Colorectal (bowel) cancer is the second most common cause of cancer-related death in Australia, with around 16,400 new cases and 5,600 deaths expected in 2019. If detected early, bowel cancer can be cured by surgery, but once it has spread it is difficult to treat successfully. Advanced bowel cancer is often treated with chemotherapy, radiation or a combination of both, but the outcomes vary greatly.
This research team has discovered that the lack of a certain protein, called MCC (‘mutated in colorectal cancer’), causes a disruption in the function of other key proteins in the colon and this promotes the development of an invasive type of colorectal cancer. In normal cells, MCC has protective functions but can be ‘turned off’ by cancer cells so that this protection is lost in a subset of bowel tumours. Without MCC, DNA damage accumulates and the function of other protective genes needed to repair the damage is compromised. These features help the tumour grow but also expose a weakness as DNA damage can be targeted by drugs to kill cancer cells.
Professor Maija Kohonen-Corish and her team have been developing crucial evidence on MCC alteration with the aim of creating new treatment targets and biomarkers for bowel cancer.
The research team will test possible therapies in MCC-altered bowel cancer by exploiting the tumour’s vulnerability caused by DNA damage. The team will explore the effectiveness of a potential new treatment for these tumours. In the laboratory, they will test two drugs, irinotecan and PARP inhibitors. They will apply these drugs separately and in combination to cells that either have normal MCC or lack of it and compare the effects. Irinotecan is currently used to treat bowel cancer, but these experiments may provide a scientific explanation as to why some tumours respond better to this drug than others. These experiments will also show whether PARP inhibitors are likely to improve irinotecan treatment.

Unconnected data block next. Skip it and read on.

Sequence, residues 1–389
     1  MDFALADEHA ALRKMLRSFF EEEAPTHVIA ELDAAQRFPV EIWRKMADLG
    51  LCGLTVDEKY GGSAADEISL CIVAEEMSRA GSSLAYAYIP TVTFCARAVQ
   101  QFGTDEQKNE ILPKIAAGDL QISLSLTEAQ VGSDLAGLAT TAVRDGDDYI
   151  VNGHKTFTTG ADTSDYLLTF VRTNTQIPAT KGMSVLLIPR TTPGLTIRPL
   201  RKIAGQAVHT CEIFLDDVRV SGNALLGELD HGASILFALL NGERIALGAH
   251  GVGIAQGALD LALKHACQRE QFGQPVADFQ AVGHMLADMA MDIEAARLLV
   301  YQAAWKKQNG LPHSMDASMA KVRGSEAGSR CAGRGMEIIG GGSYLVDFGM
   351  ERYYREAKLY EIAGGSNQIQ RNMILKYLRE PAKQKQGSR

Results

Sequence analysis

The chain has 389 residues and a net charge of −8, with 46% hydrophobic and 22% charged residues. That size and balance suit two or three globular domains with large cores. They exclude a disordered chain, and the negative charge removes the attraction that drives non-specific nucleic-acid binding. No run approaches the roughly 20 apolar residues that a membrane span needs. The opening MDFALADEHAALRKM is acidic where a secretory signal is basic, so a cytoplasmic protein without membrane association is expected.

The team will also explore how the DNA damage accumulates in cancer cells without MCC. They will treat cells with various drugs and determine which specific cellular functions are most affected by the lack of MCC. These experiments will reveal why these tumours may have an enhanced response to cancer therapy.
The work of Professor Kohonen-Corish and her team will potentially improve the treatment of bowel cancer by introducing new drug targets and an understanding of how these targets could be better exploited to kill cancer cells. Using MCC loss as a biomarker, they will also introduce a new way to more accurately identify patients who are likely to respond to a specific treatment.
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